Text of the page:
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Sometimes the simplest questions give rise to the most interesting conversations. That is what I discovered one morning at Southminster Presbyterian Church in Richmond, Virginia.
St. John’s Presbyterian Church in San Francisco wanted to grow. So it hired the Rev. Theresa Cho as an associate pastor with the idea that her presence would help attract young Chinese families who were settling in the neighborhood. After three years, however, growth hadn’t happened in the way some people expected.
As an adviser for the Unglued Church, a program in Pittsburgh Presbytery for help with church change, I encounter a lot of churches at the end of their rope. It’s a time in a church’s life when it’s important to emphasize the importance of thinking beyond survival, and how the congregation might imagine leaving a legacy for God’s ministry and mission.
Moving from a 9-to-5 job to a lifestyle without a clock may not be as easy as you might suppose. It’s about finding perspective and balance, planning, and setting realistic expectations.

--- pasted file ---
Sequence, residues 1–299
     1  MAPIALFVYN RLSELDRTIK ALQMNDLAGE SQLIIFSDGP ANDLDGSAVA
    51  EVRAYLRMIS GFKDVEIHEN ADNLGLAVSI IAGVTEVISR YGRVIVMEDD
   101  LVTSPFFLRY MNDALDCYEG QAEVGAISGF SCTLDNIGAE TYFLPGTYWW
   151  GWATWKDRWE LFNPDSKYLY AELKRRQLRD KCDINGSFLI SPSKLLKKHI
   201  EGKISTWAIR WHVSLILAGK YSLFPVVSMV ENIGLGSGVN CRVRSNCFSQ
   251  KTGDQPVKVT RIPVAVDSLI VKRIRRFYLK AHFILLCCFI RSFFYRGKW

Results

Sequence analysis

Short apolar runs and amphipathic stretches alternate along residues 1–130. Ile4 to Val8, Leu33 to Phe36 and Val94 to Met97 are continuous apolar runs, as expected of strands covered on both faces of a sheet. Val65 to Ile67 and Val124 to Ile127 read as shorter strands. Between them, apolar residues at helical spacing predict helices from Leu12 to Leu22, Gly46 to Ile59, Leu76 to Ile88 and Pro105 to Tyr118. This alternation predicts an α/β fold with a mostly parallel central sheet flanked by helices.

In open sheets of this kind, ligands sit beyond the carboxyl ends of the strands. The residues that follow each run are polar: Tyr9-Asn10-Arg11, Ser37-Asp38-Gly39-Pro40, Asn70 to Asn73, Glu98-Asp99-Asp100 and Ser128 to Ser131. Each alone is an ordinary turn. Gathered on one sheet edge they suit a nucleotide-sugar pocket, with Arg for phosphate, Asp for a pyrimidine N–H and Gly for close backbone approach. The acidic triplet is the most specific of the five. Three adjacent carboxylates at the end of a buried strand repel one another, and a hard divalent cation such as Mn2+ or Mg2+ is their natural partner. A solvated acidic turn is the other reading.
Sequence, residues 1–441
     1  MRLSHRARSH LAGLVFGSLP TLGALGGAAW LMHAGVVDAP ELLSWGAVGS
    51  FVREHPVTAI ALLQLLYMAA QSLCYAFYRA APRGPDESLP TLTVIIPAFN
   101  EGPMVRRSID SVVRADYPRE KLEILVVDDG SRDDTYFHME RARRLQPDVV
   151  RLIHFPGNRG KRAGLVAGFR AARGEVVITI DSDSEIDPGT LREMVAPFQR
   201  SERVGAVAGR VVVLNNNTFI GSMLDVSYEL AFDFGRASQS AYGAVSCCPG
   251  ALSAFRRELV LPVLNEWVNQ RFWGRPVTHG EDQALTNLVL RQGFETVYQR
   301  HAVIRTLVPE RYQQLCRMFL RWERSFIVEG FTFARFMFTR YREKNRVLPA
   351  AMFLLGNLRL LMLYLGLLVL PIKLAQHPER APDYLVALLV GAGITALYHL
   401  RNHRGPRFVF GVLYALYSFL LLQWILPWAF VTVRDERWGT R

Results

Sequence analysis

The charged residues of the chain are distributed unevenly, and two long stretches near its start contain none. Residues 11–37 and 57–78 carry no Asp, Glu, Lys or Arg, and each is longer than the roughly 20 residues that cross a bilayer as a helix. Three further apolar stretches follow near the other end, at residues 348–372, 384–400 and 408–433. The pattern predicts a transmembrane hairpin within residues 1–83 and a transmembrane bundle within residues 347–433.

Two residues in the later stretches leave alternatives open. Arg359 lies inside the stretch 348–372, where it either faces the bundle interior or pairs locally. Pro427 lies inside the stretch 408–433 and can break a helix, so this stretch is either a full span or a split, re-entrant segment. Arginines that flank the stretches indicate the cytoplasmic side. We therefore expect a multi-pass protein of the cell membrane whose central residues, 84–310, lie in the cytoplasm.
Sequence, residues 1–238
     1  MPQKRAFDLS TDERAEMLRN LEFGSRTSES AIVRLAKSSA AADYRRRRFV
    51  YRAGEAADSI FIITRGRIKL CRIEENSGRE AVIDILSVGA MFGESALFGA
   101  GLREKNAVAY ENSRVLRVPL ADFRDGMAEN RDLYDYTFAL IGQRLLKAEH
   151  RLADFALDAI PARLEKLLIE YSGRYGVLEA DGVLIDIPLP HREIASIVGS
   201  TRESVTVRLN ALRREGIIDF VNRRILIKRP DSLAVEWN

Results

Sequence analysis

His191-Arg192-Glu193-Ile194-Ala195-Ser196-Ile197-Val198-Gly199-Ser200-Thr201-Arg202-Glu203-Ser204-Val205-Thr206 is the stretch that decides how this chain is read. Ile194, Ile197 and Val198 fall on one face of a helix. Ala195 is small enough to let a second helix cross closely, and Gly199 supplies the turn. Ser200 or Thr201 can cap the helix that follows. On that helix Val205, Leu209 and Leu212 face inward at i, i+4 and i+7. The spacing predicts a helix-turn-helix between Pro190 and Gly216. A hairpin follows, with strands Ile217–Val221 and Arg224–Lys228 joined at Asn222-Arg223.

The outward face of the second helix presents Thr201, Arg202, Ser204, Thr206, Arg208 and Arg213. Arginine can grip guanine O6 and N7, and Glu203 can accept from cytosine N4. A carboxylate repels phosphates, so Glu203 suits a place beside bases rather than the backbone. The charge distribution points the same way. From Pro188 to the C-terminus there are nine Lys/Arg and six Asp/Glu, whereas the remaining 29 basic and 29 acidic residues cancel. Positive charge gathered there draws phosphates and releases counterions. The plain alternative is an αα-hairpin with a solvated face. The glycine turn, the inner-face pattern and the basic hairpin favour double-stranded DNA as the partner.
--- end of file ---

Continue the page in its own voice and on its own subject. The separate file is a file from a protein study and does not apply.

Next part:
This annual special offering assists past and present church workers in need, and it provides for the education and leadership development of the PC(USA)’s future racial-ethnic leaders.
Feeling underwhelmed by big-production meetings and conferences? Meet the “unconference.”
What Presbyterians believe about placing our hope in God when changes come our way.
How Presbyterians make their college choices.
Christmas and the Bible: what the Bible gets “wrong” about our holiday.
For more than a century, the manse next to First Presbyterian Church in tiny Baird, Texas (population 1,600), served many functions: as the church’s first sanctuary, as a home for a string of pastors, and as space for vacation Bible School and adult Sunday school classes. In recent years, however, it had become an albatross, a dilapidated structure that was too expensive to repair and too expensive to demolish.